The Price Of Growth
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The elephant is slowly turning around. It is a fact that after suffering poverty and underdevelopment for millennia, India is regaining its lost glory. It was just a few centuries ago that India was among the most sought-after nations of the world, not only in terms of wealth but also intellect. Every ruler worth his salt wanted a piece of the country and every explorer wanted to discover it. But then we lost it all. What used to be advantages slowly turned into disadvantages — diversity became chaos and lack of systems, population expanded at an explosive rate, the Hindu rate of growth slowed to a crawl. But now we seem to be shrugging away the years of weakness and slowly getting back on track. India is getting into the thick of things anew. But at what cost? That is the question that Aseem Shrivastava, a teacher of economics and philosophy, and Ashish Kothari, a founder member of the environmental group Kalpavriksh, ask in their book, Churning The Earth, which holds a timely inquiry into India's much-touted growth story and the resulting damages to its social, economic and ecological fabric.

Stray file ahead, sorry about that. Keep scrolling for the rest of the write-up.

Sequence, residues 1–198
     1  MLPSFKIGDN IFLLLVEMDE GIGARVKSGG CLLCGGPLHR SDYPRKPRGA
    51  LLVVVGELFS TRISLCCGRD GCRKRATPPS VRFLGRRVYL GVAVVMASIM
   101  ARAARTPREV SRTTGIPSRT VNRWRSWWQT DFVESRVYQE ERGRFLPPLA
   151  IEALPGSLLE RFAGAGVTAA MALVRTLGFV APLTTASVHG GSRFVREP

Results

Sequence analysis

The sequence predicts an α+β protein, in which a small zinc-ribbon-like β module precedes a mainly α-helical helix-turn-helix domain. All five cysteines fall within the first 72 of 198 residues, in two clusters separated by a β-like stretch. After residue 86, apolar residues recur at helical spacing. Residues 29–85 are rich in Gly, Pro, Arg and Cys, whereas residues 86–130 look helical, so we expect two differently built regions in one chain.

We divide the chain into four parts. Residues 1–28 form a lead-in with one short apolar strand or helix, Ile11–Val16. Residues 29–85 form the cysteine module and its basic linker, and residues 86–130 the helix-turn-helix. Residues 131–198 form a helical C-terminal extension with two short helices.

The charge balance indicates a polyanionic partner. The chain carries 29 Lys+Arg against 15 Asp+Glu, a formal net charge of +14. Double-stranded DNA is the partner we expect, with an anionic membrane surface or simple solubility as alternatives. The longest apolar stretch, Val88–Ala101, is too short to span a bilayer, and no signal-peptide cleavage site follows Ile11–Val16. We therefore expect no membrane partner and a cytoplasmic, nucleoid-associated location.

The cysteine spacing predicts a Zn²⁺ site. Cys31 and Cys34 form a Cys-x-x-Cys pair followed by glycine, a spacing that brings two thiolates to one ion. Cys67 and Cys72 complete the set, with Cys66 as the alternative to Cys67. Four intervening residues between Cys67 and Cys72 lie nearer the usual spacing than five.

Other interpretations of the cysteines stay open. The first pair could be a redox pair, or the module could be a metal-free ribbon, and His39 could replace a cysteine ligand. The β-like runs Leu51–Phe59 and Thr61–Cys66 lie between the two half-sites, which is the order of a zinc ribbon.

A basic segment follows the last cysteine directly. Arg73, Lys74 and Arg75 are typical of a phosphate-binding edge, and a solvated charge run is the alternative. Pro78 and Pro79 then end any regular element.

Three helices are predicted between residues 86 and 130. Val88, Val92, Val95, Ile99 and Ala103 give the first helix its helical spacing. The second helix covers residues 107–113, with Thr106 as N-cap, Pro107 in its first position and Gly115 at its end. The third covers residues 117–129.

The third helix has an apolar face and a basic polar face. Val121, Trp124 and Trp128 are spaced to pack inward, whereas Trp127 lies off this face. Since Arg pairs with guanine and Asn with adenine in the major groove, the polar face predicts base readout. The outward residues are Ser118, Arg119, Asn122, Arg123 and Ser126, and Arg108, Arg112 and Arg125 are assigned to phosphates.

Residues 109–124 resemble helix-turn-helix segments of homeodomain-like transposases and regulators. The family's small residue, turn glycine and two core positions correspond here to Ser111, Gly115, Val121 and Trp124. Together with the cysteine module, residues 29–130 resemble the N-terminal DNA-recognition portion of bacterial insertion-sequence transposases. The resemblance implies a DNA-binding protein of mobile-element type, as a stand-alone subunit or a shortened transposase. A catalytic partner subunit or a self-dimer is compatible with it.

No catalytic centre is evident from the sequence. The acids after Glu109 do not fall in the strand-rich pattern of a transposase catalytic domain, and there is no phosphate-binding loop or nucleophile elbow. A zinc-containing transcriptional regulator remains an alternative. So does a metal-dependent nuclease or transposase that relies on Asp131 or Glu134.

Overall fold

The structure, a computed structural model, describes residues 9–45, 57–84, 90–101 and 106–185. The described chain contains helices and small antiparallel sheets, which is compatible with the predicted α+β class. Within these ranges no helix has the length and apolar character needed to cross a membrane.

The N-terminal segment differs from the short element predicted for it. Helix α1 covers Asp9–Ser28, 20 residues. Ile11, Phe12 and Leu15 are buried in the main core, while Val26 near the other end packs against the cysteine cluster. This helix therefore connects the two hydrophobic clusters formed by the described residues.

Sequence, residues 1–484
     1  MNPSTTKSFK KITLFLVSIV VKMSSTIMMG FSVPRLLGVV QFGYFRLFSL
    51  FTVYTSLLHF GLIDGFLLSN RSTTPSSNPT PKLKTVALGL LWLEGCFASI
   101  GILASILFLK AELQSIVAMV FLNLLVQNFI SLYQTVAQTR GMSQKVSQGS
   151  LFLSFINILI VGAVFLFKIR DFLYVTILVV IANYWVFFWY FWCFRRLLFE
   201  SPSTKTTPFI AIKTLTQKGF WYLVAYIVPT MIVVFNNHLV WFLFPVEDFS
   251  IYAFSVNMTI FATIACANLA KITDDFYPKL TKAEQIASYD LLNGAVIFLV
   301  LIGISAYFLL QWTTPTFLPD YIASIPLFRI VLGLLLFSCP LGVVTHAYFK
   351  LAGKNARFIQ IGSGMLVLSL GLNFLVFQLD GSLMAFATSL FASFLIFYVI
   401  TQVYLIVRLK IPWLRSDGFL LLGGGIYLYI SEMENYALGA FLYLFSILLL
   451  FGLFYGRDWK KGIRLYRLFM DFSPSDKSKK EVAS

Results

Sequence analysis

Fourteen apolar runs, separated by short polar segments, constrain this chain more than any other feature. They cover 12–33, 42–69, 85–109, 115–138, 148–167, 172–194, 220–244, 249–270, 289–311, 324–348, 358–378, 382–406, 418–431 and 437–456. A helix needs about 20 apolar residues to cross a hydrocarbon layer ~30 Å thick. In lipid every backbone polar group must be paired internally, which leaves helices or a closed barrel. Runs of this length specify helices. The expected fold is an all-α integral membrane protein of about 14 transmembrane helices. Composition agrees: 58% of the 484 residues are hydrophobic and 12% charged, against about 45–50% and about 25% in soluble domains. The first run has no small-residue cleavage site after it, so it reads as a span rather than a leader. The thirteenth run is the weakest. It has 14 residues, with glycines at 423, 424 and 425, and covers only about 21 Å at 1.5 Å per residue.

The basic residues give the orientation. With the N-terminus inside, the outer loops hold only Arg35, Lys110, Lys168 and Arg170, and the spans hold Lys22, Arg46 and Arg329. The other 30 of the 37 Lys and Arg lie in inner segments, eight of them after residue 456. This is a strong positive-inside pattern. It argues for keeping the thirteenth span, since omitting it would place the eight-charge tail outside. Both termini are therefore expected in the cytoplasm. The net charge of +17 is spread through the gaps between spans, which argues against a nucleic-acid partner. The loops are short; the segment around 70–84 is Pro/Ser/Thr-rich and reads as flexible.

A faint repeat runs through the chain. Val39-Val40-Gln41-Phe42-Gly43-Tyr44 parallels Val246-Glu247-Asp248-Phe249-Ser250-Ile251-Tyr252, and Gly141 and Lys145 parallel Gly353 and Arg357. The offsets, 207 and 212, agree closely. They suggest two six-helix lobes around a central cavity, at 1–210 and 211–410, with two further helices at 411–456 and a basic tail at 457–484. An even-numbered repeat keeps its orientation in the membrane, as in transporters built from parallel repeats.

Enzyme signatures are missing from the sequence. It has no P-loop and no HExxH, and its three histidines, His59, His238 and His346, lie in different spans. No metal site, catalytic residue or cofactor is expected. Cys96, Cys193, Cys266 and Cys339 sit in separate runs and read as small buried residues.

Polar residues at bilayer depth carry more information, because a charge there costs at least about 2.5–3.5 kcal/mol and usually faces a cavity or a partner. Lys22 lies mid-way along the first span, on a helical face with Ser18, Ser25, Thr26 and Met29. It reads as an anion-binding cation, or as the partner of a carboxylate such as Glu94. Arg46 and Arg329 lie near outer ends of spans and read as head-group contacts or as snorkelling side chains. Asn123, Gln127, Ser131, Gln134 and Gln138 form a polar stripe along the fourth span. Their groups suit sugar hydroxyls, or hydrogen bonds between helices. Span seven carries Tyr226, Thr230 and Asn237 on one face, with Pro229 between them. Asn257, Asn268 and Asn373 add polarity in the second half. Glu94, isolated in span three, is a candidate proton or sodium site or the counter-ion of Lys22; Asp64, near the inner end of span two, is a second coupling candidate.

Rich with data and anecdotes, this interesting critique of India's development strategy argues for a radical ecological democracy based on the principles of environmental sustainability, social equity and livelihood security. Shrivastava and Kothari urge a fundamental shift towards such alternatives; something that is already emerging from a range of grassroots movements.
The book throws light on the fate of people and communities who are being left behind or being abandoned as India seeks to pursue prosperity through its chosen formula of globalised development. It also addresses those concerned about India's ecological fate, threatened as never before by the predatory impact of growth. The authors say that if we do not pay heed to the early warning signs that are all around us, the future of India as a society and civilisation will be under serious threat. Every citizen, however privileged he or she might be, will be affected.
The book makes for an interesting read, but I wonder how much of what it prescribes is practically possible. Or even how much of India's development is a result of a well laid out plan as the authors claim. Like the proverbial monkey who could type eternally to reproduce Shakespearean works, most of what we are witnessing in India seems serendipitous, rather than a part of a strategy. We are surrounded by examples of this every day. Politicians act on their whims and fancies; businessmen want to expand irrespective of the social consequences; social reformers, too, want their pound of flesh. It seems that in India everyone is on his or her own trip. Now this could actually turn out to be something good (I hope so), or something really bad, as the authors point out. But we do not have much choice other than just waiting and watching as a billion actors unfold the story on our stage.
(This story was published in Businessworld Issue Dated 06-08-2012)